Just a bit of background in case you are like me and only recently learned about the glorious SXSW. SXSW—which is short for South by Southwest—is a collection of film screenings, “interactive events,” music festivals, and conferences that happens in Austin, Texas every March. (Today is opening day!) It started as more of an indie-music thing but now it’s one of the top tech meet-ups in the world. And there truly is something for everyone, including dozens of food-specific offerings like discussion panels.
Below, a sampling of this year’s SXSW food-and-health related seminars:
March 8 “Dear Taco Vendor, How Are You Securing My Data?”
This important seminar explores the idea of exchanging personal information as currency. SXSW, like many other festivals and events, offers free swag in the form of clothing, grab-bags, and, of course, food. You’re not often charged money for these items, yet you have to “earn” these free things by logging into your various social networking accounts and promoting the company. This seminar discusses the process from logging in to ways the companies benefit from your information. The security of your personal life is important. Get to know the way of the world in 2019! (more…)
If you are like me, you have seen Cool Runnings, the ’90s family film about Jamaican bobsledding, about a million times. If you are not like me, I am really sorry.
For the 2019 Olympics, we got some exciting news. Jamaican bobsledding is back in the games. It’s been twelve years since the nation qualified to participate, but the team pulled it together this year, exciting the world with nostalgia and joy. Seriously—this is an amazing feat.
As for the United States bobsledding team, we are excited to have both male and female teams competing in the 2019 Winter Olympics. There has been considerable focus on Lolo Jones, an already well known Olympic athlete who has joined the Olympic team this year.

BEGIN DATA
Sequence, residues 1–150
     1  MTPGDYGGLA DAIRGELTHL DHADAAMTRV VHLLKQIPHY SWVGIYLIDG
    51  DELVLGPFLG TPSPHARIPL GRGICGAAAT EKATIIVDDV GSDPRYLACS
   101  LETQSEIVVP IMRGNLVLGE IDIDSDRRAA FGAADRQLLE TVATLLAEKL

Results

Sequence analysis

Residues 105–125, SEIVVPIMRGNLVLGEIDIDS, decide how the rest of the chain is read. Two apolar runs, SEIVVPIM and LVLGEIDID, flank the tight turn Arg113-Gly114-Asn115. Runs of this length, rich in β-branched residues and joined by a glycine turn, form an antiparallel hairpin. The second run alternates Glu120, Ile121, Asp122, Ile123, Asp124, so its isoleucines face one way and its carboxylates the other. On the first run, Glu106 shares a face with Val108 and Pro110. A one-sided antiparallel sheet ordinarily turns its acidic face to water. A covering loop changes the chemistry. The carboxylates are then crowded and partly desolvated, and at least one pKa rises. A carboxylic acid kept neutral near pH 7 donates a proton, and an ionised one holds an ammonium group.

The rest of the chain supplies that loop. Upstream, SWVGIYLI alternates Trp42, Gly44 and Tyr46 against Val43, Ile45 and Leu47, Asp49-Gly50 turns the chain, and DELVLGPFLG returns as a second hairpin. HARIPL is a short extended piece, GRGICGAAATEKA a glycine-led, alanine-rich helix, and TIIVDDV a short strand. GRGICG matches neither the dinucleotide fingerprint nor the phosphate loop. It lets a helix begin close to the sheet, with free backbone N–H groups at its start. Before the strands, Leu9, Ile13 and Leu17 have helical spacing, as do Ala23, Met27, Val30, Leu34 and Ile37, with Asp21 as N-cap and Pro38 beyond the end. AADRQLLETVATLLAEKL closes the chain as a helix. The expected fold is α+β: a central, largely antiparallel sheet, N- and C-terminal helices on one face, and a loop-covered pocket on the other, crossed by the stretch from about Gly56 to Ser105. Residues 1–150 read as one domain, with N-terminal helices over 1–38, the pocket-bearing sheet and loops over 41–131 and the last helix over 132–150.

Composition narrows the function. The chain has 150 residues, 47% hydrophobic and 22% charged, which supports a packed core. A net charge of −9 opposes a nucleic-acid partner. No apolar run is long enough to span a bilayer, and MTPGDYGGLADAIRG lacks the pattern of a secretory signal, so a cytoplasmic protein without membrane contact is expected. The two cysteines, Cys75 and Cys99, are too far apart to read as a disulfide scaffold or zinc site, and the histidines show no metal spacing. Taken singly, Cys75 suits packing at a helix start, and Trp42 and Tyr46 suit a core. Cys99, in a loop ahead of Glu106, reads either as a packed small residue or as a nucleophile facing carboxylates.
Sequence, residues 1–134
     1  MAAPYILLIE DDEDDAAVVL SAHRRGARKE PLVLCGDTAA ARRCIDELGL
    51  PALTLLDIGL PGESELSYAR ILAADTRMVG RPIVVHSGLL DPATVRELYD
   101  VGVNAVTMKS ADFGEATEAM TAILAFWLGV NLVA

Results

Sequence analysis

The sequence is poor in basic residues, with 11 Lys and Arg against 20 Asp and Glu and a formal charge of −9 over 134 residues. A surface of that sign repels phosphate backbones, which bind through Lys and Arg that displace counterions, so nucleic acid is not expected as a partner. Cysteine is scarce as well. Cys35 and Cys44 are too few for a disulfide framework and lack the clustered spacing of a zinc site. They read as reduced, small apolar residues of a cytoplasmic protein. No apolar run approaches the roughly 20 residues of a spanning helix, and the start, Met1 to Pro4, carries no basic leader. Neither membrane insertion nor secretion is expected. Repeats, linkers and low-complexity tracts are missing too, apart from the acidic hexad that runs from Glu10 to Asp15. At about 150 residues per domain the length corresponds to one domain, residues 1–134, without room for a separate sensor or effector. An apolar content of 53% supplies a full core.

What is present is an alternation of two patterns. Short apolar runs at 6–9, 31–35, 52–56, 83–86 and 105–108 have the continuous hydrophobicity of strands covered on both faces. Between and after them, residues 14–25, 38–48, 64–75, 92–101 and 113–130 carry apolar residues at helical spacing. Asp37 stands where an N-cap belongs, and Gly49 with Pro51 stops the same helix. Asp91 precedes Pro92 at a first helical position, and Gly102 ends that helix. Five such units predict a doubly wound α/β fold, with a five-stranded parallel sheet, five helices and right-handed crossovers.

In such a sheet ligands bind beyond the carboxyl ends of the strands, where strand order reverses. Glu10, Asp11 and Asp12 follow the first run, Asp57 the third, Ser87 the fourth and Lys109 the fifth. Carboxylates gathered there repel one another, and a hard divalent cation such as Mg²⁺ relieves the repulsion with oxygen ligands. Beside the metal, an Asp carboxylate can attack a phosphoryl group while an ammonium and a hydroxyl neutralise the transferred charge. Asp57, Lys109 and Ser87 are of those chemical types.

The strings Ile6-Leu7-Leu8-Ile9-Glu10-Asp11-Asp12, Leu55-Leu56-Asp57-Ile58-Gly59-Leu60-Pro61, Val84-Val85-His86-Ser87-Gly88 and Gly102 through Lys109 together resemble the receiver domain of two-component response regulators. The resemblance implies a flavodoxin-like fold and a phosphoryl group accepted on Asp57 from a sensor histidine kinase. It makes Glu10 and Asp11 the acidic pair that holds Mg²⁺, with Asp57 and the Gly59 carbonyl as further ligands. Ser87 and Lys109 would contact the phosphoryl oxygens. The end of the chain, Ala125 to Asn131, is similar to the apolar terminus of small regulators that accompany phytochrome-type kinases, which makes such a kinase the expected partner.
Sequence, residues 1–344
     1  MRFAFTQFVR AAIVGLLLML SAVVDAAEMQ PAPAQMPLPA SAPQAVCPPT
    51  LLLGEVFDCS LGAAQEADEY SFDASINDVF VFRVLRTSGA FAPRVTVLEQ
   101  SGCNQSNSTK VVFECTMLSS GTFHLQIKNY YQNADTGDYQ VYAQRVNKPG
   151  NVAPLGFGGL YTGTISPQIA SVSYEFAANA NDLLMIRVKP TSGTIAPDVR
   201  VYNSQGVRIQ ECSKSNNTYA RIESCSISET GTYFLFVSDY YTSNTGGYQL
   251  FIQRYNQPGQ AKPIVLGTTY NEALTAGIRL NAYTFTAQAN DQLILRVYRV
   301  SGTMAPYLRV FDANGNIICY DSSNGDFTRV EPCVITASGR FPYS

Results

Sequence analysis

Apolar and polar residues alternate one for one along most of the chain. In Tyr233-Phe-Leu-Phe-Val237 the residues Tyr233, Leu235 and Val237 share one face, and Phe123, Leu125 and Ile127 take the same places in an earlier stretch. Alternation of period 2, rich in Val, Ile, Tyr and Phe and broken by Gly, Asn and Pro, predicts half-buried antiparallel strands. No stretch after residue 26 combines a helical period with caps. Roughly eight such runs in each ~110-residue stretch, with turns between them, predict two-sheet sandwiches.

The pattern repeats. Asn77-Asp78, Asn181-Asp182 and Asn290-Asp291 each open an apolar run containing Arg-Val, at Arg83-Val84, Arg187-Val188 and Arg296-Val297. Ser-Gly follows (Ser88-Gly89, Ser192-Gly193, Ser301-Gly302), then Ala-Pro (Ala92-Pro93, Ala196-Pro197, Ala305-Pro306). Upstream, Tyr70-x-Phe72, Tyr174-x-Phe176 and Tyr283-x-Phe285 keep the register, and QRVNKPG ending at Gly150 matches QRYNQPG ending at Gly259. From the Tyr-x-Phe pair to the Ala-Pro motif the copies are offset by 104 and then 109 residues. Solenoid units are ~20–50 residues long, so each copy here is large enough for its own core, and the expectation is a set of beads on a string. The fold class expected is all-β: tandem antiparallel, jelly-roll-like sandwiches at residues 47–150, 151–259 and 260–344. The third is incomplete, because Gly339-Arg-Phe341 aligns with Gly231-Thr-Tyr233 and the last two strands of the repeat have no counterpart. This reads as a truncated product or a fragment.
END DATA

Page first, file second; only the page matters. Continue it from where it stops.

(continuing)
In his book I Can Fix America, author and entrepreneur Dave Duley explores the ways individual Americans can take stewardship of the privileges that come with U.S. citizenship. One of the major premises of the book is that Americans need to take responsibility for their personal health, because the government simply cannot afford the costs entailed by our current obesity crisis. “In my analysis, one of the major issues that jeopardizes the finical stability of our country is our rising health care costs,” Duley tells DietsInReview. He concludes that obesity is unpatriotic.
To further his point, Duley compares the costs of obesity to the cost of the War on Terror. “More people have died in the past ten years from obesity than terrorism. More money has been spent to treat the obese than to engage in the War on Terror, on both the Afghan and Iraqi fronts.” The direct costs of the War on Terror amount to $1.3 trillion, while the costs of obesity amount to $1.5 trillion from 2001 to 2019. The tally of deaths makes for an even more dramatic disparity over the same period of time: the war caused the deaths of 6,850 Americans, while obesity is responsible for the deaths of over one million (see Duley’s sources here). Then there are indirect costs associated with obesity, such as lower productivity and increased numbers of sick days.